The National World War I Museum and Memorial took Veterans Day as an opportunity to look to the past and the future.
Mayor Sly James, Rep. Emanuel Cleaver II and Maj. Gen. Maria R. Gervais joined museum president and CEO Matthew Naylor to address an overflow crowd inside the museum. The group recognized the service of our nation’s veterans.
Naylor and Cleaver also unveiled the museum’s new entrance sign, which sets in stone — literally — its designation by Congress in 2014 as the nation’s official National World War I Museum and Memorial.
Cleaver in his remarks urged the audience to start using Veterans Day as something more than remembrance.
“Maybe what we ought to do is figure out how we can, in such a divided country, reach a point where we can treat each other in a manner that the people who died for our freedom can look down from the balcony of heaven and say, ‘OK, that’s what I died for,’ ” he said. “The question we should all ask is, ‘Am I worth dying for?’ ”
James, who served in the Marines, opened his remarks by wishing happy birthday to the Corps and relating his experiences as a new enlistee in 1971.
“One of the first things the Marine Corps taught us was when one of us fails, we all suffer,” he said. “And when we learned that lesson, guess what? We stopped failing.”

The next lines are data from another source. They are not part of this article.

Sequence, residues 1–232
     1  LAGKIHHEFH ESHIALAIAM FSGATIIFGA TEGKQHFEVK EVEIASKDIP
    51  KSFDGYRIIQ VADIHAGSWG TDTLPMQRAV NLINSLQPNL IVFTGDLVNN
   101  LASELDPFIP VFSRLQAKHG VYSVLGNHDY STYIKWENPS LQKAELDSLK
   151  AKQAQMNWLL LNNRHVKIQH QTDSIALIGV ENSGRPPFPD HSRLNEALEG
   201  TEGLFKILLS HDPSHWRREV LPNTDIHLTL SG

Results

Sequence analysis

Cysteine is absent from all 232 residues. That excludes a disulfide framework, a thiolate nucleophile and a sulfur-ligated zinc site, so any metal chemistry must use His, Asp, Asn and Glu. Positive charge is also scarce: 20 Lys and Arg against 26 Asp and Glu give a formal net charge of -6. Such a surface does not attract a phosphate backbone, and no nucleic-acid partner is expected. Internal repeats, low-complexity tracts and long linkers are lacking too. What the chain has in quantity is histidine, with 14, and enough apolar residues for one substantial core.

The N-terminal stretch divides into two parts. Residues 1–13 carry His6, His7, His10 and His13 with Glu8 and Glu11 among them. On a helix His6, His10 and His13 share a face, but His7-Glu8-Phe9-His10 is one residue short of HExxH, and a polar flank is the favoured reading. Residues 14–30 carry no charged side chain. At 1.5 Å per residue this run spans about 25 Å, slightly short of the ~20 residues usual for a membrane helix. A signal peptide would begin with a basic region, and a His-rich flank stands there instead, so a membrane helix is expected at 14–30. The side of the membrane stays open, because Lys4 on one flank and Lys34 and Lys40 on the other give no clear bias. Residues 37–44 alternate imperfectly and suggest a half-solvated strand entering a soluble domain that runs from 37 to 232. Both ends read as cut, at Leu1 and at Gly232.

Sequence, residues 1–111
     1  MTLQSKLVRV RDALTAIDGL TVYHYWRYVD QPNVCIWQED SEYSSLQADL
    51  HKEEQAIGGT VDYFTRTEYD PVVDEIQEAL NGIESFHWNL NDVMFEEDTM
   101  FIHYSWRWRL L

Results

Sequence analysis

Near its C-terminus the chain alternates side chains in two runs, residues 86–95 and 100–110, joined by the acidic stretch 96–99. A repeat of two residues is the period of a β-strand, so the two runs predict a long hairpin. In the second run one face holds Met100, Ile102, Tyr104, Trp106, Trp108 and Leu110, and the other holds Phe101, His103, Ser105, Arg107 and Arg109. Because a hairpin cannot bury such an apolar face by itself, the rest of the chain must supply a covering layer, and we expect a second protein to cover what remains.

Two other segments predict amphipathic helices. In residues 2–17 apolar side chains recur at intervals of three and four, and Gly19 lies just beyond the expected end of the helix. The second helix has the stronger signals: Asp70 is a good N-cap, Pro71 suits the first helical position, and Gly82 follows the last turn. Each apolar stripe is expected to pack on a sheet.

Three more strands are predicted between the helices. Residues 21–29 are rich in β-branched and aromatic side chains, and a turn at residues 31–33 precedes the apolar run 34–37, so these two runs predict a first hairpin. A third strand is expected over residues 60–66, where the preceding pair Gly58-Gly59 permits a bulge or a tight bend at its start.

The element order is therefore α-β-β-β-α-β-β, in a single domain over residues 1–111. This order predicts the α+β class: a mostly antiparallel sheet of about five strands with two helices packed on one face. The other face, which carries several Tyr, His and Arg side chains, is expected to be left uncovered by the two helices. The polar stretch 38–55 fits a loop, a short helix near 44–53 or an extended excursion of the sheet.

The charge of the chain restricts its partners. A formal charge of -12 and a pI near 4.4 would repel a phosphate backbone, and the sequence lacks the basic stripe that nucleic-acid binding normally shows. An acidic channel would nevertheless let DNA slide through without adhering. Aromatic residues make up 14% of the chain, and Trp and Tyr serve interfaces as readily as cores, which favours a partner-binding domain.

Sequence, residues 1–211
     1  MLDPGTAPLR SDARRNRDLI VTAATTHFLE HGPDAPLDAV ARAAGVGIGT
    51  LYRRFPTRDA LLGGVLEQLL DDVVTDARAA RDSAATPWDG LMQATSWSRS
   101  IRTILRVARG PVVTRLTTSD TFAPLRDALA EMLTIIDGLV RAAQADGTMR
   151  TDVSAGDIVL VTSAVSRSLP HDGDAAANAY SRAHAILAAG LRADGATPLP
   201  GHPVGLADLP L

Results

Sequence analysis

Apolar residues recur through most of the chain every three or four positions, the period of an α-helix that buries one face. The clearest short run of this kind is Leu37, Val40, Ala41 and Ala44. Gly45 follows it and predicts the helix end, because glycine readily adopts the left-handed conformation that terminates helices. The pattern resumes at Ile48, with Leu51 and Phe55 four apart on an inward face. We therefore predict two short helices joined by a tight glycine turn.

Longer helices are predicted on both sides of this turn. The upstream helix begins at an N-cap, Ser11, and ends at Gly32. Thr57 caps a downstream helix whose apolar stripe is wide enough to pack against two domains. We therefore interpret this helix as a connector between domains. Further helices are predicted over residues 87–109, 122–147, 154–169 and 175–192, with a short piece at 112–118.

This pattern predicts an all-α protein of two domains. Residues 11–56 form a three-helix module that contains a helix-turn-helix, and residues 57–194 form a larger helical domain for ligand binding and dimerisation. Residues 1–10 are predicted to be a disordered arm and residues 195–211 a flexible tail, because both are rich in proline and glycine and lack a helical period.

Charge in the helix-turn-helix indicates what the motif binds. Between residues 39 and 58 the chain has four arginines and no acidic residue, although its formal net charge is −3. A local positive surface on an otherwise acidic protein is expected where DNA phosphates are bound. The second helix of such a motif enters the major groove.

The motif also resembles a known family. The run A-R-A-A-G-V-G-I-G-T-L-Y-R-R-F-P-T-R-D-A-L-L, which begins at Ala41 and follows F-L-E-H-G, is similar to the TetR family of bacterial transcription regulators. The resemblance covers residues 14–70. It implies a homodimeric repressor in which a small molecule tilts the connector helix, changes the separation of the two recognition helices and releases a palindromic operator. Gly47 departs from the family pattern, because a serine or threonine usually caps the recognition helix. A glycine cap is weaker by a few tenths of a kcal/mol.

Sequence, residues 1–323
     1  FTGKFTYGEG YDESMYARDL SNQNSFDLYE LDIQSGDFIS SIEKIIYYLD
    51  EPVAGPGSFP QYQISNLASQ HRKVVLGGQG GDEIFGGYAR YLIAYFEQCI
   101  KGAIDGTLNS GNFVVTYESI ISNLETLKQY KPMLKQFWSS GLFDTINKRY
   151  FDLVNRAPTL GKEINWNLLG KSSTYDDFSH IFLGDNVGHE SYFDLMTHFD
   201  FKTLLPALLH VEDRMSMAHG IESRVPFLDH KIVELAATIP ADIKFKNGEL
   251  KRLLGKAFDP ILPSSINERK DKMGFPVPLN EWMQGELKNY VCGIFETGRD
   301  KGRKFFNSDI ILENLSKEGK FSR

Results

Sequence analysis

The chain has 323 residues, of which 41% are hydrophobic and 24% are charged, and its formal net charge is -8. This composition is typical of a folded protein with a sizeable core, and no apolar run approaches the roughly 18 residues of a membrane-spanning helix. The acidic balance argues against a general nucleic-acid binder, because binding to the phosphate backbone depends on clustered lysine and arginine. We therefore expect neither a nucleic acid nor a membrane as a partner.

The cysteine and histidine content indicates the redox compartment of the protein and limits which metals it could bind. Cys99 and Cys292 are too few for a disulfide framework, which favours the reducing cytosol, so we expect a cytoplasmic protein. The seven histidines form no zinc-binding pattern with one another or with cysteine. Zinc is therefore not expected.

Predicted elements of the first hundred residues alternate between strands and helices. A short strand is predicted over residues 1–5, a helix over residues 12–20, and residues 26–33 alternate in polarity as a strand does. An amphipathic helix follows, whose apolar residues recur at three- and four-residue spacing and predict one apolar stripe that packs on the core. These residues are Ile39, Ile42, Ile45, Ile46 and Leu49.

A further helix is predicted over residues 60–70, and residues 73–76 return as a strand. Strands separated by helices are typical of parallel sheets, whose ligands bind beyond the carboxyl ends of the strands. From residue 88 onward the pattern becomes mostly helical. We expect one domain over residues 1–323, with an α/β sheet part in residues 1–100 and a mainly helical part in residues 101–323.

He also took the opportunity to sing the praises of the Veterans Community Project, the local service group that seeks to help Kansas City’s homeless veterans in a variety of ways, including building them small homes.
“A lot of our veterans are in the streets right now, here and in other cities,” he said. “If we really want to honor veterans, then we ought to live up to the things that they fought for.”
Grevais, the deputy commanding general of the U.S. Army combined arms center in Leavenworth, outlined some of the challenges for today’s soldiers.
“The last two decades of war have not been easy on our soldiers and veterans,” Gervais said. “Many have deployed numerous times, have spent way too many nights separated from their loved ones, missing the birth of their children, their baby’s first words — and steps, birthdays, graduations and anniversaries. Many veterans continue to fight to overcome the challenges associated with war. We must not fail them.”
Out with the old
Before the ceremony, museum officials unveiled the new limestone entrance sign on the south side of the museum, which now reads “National World War I Museum and Memorial.”
“It’s a great moment and a tribute to Kansas City,” Naylor said.
The limestones from the old entrance sign —which previously read “National World War I Museum” — were removed over a period of about six weeks this summer, and the new stone was laid in.
Before that, months of work went in to finding the appropriately shaded limestone from a quarry in Indiana. The dappled look of the wall meant the stone workers had to search different areas of the quarry to find a variety of colors. Then came the task of cutting, etching and inking and hauling it back to KC.
The result: A seamless new entryway that looks as though it’s always been there.
“My worry was that it wouldn’t be centered or they’d get a spelling wrong,” Naylor said. “We were so insistent that we find the stone that best matched because this is here for a long, long time.”